Monday, 14 September 2009

Amsterdam, Day Two

Rising considerably later than normal, but still managing to get out on the beat for pancakes shortly after 11am, TheBeerNut navigated us to the old Heineken brewery. Well, it'd be a bit like going to Dublin and not visiting Guinness I suppose. I lived in Dublin, so that's my excuse for not doing that tour! Going into the big red-brick building felt like two kids going into an unlit cellar in a horror movie, and to a degree, the happy, chirpy employees unnerved rather than comforted. Ok, I'm exaggerating, but only slightly. The Heineken Experience took us through a few displays of old labels and adverts, and a virtual barman telling us about the three generations of Heineken, ending with Freddy, who is loved by everyone in the Netherlands. I'll give him one thing, he was a suave looking man, and clearly a man with marketing on his mind. We did raise eyebrows at the text in one of the display areas that stated "Heineken is proud to be one of the world's leading independent brewers". I suppose they are, and megacorp doesn't have quite the same ring to it.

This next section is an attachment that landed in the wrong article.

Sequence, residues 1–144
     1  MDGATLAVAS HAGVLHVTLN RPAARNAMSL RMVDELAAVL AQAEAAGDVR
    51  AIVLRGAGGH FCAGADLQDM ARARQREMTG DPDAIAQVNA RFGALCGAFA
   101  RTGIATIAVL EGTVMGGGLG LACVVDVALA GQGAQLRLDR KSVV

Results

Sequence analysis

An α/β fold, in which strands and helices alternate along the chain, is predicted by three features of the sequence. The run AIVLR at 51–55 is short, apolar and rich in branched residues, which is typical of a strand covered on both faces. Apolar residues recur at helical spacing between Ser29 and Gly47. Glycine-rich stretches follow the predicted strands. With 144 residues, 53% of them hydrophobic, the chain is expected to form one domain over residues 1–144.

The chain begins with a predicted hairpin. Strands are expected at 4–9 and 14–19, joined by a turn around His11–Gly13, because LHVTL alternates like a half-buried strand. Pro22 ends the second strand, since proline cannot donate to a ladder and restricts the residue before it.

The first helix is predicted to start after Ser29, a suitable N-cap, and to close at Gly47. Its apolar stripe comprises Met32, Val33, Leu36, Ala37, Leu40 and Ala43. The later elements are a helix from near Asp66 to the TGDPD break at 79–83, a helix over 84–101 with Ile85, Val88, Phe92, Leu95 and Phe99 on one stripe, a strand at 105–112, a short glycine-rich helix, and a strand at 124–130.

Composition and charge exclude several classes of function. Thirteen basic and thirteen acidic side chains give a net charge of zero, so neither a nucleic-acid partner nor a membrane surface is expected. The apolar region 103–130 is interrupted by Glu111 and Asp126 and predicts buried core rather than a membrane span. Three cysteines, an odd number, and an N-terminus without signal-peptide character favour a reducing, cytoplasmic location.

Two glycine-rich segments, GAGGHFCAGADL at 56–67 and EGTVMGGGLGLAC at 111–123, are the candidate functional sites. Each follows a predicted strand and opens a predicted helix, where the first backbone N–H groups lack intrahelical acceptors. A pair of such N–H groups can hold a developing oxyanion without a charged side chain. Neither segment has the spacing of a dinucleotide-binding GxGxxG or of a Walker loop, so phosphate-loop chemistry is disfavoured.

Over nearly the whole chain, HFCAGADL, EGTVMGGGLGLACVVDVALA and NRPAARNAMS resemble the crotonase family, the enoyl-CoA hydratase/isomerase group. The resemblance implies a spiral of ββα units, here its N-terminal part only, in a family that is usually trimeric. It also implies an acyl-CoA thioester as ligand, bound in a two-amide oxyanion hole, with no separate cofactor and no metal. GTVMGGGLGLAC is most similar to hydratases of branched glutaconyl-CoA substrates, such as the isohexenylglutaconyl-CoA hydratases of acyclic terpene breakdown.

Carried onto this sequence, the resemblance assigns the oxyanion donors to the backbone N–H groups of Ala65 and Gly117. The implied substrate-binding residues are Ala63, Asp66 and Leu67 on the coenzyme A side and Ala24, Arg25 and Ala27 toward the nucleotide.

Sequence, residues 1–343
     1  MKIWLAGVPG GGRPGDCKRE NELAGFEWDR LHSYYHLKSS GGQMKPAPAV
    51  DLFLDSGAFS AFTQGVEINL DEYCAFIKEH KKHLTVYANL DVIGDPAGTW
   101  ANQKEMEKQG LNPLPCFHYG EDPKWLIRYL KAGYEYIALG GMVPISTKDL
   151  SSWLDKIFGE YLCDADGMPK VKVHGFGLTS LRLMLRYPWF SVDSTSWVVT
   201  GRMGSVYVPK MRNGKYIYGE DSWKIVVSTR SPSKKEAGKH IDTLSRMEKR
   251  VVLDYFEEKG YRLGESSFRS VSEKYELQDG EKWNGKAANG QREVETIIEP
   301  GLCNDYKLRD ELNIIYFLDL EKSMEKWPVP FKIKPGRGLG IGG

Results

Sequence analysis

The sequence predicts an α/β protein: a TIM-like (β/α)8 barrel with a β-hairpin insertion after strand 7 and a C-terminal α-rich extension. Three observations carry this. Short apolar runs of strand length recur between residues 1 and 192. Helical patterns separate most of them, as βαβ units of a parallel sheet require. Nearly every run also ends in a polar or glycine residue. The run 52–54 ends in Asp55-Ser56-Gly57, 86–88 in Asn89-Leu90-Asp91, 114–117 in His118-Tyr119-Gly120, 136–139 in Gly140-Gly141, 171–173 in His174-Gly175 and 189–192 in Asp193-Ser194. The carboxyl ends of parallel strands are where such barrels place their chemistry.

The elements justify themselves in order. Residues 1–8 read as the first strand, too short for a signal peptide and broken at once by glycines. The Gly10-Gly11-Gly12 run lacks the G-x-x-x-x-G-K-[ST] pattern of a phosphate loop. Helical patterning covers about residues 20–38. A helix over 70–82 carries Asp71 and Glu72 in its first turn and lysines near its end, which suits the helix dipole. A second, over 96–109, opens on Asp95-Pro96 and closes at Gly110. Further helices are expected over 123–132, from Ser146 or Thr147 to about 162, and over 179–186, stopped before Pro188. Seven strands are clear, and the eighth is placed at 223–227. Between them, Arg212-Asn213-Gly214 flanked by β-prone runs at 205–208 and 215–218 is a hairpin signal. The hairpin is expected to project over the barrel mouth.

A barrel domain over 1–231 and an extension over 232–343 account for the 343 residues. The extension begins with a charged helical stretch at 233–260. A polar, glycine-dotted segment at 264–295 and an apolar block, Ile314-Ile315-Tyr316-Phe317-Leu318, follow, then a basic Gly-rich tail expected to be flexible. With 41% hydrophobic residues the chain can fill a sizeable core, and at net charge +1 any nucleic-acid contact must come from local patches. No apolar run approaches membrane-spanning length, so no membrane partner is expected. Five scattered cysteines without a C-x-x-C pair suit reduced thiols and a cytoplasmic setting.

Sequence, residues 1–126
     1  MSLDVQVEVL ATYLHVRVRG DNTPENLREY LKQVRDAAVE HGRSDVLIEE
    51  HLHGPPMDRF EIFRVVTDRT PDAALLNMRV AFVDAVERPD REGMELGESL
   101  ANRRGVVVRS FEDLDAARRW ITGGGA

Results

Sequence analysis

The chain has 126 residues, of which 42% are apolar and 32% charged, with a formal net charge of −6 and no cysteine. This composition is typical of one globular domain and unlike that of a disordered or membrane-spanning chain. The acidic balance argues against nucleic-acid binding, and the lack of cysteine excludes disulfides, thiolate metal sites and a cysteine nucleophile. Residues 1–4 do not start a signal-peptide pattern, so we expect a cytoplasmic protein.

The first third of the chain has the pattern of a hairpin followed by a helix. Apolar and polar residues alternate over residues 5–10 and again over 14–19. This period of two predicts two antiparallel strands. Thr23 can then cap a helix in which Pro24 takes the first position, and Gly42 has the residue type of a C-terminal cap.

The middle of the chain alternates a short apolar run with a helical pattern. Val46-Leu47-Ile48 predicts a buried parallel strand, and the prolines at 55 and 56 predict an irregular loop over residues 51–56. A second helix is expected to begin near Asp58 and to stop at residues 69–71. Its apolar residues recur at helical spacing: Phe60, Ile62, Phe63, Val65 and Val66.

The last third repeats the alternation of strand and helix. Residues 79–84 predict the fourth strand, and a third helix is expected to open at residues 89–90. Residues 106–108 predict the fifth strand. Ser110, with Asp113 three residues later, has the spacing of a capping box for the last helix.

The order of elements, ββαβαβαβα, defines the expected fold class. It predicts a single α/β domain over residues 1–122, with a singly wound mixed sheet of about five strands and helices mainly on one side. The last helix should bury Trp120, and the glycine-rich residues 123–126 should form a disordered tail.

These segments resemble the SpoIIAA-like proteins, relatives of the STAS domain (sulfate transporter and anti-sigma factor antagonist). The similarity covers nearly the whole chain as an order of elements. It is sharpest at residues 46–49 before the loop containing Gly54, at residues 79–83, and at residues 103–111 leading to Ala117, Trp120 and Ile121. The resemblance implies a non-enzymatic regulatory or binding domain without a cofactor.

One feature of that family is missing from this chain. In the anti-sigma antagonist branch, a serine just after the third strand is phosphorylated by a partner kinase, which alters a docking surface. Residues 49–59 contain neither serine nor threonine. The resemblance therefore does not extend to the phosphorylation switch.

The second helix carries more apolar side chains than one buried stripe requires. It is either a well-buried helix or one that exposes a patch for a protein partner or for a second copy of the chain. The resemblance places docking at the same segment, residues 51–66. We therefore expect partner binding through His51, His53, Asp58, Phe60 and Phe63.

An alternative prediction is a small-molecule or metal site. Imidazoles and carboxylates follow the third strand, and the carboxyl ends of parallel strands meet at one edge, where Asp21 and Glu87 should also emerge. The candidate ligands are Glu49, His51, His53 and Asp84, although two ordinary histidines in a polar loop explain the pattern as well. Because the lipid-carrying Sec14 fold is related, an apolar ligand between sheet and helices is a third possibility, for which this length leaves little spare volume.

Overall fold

Moving on from the display cabinets, the brewing room was particularly impressive, and the four huge copper mash tuns and kettles (pictured above) were quite a contrast to De Prael which we visited the day before. The smell of malt was hanging in the air, coming from the tun a curly-headed youth was stirring. TheBeerNut told me they actually make something out of this. Well, Ron told him some dude was making a triple in the corner in the past, and that it was sometimes available at the bar (not this time I'm afraid). As I write, TheBeerNut confirmed it was definitely a different guy from when Ron visited, and just as well, as the pheromones exuding from Frodo would have been infusing the mash, rendering any beer made from it undrinkable.

The self-guided tour isn't bad actually, and you do get a good idea of the beer-making process, including a "Brew You Ride" (not to be said in a flat Dublin accent) simulator that had my sore knee throbbing. TheBeerNut has already described the guided tasting of the Heineken, and it has to be said, they should be selling whatever that guy was pouring. The hops really jumped out with a fresh, fruity aroma, and it sizzled on the tongue. Right after the tasting we passed some curious pods, and we're pretty certain that if we had of gotten in, all Heineken would taste like what we just had. Or at least we'd believe it tasted like the one we just had. Instead, we ended up down at the bar for our freebies, trying the Heineken Ice Cold followed by the regular cold Heineken. TheBeerNut encouraged me with his usual "get it down ya" before we stumbled out, dazed and confused, into the light.